>Central and East European migration – the Guardian/UKIP axis
>A bizarre debate on BBC2’s Newsnight addressing what is now suddenly seen as the problem of migration from Central and Eastern Europe –the product of local authorities complaining they will have to put up council tax because of strains on local services due to large numbers (which no one can very clearly estimate, we are at best talking about a scenario). Newsnight duly obliged by filming an on the spot report from Slough as negative as its earlier report on Poles in the UK had been positive.
In the studio debate there was a very odd series of exchanges between the UKIP’s probable next leader Nigel Farrage and the Guardian’s Polly Toynbee. Awkwardly for both, they agreed with each other almost 100% in not very different versions of the pull-up-the-drawbridge-they’re-stealing-our-jobs argument. Farrage was blustering away that CEE migrants were doing the locals out of jobs and causing unemployment – perhaps thinking of the work that outgoing UKIP leader Roger Knapman had done on his house by East European decorators. Toynbee agreed with him right down the line from a sort of social-democratic protectionist standpoint saying that CEE migrants were driving down wages, stopping employers investing in training and and benefiting only the wealthy, by keeping prices in restaurants down.
The last remark sounded like an odd piece of middle class guilt, as I suspect she probably eats in London’s pricier restaurants more than most. Hope she’s a generous tipper. Personally, I didn’t feel too guilty today buying a cup of coffee on the train for £1.60 from an obviously Polish catering person called Danuta. No sign of prices being held down by migration on the Stansted Express then. (The train then promptly broke down for half an hour – perhaps we should get some Polish track maintaince staff?. )
Polly Toynbee’s comment that high levels of CEE migration ‘preventing the proper working of the market’ was also very odd. As a social democrat she should realize that it is for the state (if anyone) to regulate social standards and as a pro-European she should know that the market we live in is the European Single Market not a national one. Her position was that we should impose labour restrictions on Bulgaria and Romania was also odd and inconsistent, delaying the ‘problem’ for a few years.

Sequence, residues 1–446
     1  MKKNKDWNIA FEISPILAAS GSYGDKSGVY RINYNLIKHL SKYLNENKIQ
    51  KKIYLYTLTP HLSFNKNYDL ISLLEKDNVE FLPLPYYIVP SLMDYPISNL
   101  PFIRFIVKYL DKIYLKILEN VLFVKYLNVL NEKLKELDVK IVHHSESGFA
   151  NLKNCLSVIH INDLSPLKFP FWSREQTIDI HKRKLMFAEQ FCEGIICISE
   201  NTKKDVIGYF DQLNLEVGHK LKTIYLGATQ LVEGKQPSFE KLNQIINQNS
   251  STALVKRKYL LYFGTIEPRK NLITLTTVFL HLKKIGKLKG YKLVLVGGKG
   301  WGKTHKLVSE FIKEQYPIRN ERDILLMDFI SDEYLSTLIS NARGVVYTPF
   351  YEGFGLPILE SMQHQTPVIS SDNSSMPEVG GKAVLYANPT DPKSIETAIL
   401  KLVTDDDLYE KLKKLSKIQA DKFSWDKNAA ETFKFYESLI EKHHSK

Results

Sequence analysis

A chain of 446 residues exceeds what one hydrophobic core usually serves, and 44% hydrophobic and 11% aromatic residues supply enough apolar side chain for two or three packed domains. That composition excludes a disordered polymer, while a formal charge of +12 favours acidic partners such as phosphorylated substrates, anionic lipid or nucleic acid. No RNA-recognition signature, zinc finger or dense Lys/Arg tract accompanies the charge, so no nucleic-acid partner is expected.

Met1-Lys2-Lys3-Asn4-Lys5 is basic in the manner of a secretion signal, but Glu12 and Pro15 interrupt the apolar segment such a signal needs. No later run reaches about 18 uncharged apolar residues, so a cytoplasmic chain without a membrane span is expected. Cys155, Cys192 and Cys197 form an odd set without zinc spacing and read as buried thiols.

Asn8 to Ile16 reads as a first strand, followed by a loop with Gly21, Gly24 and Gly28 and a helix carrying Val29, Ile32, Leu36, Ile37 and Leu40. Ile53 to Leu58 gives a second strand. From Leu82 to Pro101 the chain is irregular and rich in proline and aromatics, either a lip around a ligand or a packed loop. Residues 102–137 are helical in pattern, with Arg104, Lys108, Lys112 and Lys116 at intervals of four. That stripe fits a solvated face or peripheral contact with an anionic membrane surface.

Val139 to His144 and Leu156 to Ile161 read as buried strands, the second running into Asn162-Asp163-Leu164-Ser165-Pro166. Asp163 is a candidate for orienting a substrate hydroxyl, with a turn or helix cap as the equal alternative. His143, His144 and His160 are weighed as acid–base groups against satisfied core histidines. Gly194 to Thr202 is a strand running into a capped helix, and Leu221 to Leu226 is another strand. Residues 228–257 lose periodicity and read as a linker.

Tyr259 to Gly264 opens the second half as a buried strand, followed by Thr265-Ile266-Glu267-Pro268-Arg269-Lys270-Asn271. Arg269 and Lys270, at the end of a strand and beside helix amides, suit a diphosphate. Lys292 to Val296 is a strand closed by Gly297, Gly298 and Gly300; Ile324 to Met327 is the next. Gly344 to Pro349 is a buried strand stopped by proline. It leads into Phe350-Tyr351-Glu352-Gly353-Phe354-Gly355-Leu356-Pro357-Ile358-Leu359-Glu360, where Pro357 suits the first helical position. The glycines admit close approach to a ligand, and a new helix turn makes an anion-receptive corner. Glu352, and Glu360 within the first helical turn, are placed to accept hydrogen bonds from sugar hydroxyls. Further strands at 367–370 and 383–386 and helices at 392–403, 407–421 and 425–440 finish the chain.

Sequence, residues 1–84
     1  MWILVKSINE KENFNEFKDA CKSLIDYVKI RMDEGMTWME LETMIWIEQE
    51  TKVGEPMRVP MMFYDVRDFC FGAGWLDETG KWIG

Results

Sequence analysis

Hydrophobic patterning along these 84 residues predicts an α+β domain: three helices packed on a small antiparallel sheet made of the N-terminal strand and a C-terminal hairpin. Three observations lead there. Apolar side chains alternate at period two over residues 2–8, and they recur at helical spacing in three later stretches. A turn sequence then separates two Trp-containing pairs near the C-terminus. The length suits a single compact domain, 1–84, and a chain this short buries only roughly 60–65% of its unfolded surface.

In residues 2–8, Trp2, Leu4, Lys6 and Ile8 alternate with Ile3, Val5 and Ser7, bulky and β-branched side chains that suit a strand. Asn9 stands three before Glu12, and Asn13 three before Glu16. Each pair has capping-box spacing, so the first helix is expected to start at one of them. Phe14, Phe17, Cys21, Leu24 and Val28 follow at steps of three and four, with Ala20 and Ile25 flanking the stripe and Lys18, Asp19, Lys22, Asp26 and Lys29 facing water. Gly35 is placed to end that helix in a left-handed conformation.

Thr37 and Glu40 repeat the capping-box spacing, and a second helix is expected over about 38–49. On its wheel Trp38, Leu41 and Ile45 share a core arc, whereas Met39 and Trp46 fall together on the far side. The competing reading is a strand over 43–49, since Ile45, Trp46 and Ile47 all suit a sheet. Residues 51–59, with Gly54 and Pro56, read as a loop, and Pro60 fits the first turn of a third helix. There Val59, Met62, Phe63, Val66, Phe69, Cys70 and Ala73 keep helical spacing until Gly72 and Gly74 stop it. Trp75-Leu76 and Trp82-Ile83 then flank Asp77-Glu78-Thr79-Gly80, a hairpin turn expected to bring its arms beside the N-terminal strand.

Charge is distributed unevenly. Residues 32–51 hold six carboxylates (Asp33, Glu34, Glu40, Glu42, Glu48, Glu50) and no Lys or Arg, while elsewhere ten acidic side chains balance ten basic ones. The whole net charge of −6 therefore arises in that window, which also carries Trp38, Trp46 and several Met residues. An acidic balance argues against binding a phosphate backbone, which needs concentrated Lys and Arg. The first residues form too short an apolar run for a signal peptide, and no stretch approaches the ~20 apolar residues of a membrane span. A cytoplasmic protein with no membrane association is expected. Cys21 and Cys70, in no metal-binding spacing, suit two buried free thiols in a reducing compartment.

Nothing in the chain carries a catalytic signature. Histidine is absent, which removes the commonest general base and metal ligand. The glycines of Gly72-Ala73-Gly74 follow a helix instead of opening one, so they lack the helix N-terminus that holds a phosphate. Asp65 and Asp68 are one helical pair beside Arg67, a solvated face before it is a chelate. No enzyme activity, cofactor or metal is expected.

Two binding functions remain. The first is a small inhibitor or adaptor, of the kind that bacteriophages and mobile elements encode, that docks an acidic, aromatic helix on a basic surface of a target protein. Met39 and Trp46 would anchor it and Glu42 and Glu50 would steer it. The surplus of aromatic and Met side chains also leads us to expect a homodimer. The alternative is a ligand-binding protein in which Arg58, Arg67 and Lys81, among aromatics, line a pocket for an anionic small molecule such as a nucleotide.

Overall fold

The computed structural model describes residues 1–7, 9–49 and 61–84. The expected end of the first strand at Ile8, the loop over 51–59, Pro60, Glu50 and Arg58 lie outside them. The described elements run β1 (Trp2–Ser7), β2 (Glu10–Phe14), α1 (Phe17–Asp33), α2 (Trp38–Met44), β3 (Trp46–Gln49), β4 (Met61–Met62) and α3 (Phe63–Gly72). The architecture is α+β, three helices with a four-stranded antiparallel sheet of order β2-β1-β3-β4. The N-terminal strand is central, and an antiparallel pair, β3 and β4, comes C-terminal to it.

Here UKIP’s ‘solution’ of national sovereignty and closed borders was at least more logically consistent, although Farrage still went through contortions, showing touching concern for an organization he wants to leave by pronouncing himself against Eastward expansion of the EU. He is , however, favour of ‘trading’ with other European states. I’m sure other EU countries – Poland in the forefront – will just jump at the chance of agreeing such terms with a newly ‘independent’ UKIP-run UK, which I guess would be like a giant version of Frimpton on Sea.
Only the IPPR spokesperson seemed to talked any sense at all, eclipsing a lacklustre performance from Labour MP Fiona McTaggart, who was floundering saying that CEE migration was, but also wasn’t a problem…. CEE nationals who have come to the UK, he explainde, are mostly employed, tax paying, childless and have no access to social housing or benefits and will in the long term be relatively to integrate – a very small, manageable challenge for our multi-cultural society.